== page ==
Distracted Driving: the Biggest Cause of Fatal CollisionRequest a Free Consultation
There have been over 190 fatal accidents caused by distracted driving, and it was the biggest cause of fatal collisions for the state of New Jersey in 2014. New Jersey politicians are looking to make major changes to driving laws by introducing a distracted driving bill that would aim to deter people from engaging in reckless behavior while on the road. Assemblyman Nicholas Chiaravalloti and John S. Wisniewski are leading this charge and are backing a bill titled A-1908, which would make any form of distracted driving illegal.
They are aggressively advocating for this bill because of national and statewide statistics that show how serious the problem of distracted driving has become. According to information from the National Highway Traffic Safety Administration, there were approximately 3,179 deaths and 431,000 injuries in the United States during 2014 because of distracted drivers.
New Jersey police data also shows that distracted driving has caused a lot of heartache for families across the state.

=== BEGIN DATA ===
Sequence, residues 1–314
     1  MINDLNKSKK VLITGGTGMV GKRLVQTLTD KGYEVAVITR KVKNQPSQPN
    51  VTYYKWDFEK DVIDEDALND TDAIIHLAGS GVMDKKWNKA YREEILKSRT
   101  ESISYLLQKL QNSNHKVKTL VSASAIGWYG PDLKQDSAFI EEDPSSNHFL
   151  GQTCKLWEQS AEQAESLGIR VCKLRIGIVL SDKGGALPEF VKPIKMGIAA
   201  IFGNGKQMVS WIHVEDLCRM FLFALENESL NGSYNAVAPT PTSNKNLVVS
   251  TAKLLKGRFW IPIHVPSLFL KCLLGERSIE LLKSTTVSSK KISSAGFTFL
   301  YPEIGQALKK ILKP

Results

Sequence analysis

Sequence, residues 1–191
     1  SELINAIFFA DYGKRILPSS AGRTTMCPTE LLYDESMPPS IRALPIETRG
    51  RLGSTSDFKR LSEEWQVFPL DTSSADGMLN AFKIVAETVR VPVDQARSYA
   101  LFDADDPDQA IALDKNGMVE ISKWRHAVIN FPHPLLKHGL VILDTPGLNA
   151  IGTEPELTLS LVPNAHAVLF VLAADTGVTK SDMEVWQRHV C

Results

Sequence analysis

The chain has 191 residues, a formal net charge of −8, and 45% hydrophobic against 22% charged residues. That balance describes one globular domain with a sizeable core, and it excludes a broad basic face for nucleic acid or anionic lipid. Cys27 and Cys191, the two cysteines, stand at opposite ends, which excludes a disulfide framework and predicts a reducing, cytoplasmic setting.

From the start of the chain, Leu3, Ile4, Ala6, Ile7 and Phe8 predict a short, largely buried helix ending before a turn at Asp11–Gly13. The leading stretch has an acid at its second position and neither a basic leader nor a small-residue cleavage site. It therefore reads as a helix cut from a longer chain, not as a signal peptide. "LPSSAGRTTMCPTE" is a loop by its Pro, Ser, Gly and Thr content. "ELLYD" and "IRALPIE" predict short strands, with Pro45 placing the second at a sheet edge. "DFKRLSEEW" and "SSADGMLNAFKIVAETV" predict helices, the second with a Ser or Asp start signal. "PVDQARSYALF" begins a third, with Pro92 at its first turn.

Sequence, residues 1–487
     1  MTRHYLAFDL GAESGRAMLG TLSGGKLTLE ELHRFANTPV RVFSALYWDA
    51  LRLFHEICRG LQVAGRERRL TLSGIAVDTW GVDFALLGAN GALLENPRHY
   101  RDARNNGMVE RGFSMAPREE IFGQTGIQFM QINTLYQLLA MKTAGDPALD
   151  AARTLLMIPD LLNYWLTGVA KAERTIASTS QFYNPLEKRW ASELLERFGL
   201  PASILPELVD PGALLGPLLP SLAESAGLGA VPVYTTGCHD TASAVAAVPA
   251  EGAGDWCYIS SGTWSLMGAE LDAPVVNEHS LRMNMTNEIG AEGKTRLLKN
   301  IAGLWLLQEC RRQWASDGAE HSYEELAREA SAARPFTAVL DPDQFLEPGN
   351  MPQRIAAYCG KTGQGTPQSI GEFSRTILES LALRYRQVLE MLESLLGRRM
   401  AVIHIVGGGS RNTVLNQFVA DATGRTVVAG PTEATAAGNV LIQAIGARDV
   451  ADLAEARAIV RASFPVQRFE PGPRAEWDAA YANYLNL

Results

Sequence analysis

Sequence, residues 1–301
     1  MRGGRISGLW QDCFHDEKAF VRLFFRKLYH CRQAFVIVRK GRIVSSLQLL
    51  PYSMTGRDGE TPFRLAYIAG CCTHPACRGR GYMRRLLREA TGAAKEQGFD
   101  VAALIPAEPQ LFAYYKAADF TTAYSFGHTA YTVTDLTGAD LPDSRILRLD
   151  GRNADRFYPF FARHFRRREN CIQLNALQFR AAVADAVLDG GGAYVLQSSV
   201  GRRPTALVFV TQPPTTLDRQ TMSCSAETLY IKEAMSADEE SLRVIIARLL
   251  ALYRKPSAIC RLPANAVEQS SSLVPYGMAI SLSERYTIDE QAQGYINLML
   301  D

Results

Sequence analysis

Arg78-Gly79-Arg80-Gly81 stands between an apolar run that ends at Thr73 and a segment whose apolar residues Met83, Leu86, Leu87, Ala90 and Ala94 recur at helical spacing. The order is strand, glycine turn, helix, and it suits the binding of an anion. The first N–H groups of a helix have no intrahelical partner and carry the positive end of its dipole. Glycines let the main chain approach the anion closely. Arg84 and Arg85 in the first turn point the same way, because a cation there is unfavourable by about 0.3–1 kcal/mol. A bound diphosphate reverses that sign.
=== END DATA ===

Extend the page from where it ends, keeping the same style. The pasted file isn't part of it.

These politicians have also seen the results of a 2015 Harris Poll conducted by the Erie Insurance Group. In this poll, people were asked to be honest about the different methods of distracted driving that they had been guilty of participating in over the past year.
Over 15 percent of people admitted to combing/brushing their hair and changing clothes, while over eight percent of people admitted to brushing/flossing their teeth and putting on makeup while in the car. These statistics clearly demonstrate that we have morphed into an on-the-go society that praises multi-tasking, regardless of any consequences that may arise as a result.
Chiaravalloti and Wisniewski are modeling their distracted driving bill after a similar one in Maine which aimed to promote awareness and deter people from making the same mistake twice. The bill will give police officers the authority to issue a summons to those who are engaging in any activity that has nothing to do with driving and “interferes with the safe operation of the vehicle.”
First-time offenders will pay a fine between $200 and $400, second-time offenders will pay a fine between $400 and $600, and third-time offenders will pay a fine between $600 and $800 dollars as well as a possible 90-day driver’s license suspension. 25 percent of the fines paid will go to the county, while the other 25 percent will go to the municipality where the violation occurred. The other 50 percent will be used to fund public education programs about the dangers of distracted driving.
While many drivers may find the new laws annoying and cumbersome, they will discover over time that this legislation is actually helping to keep them safe and out of harm’s way. Changing a person’s behavior is a difficult task, and it is even harder to do when an action causing a driver to be distracted lasts only a few seconds. That is why laws are necessary to give people an extra incentive to correct their behavior and keep themselves and other people safer on the road.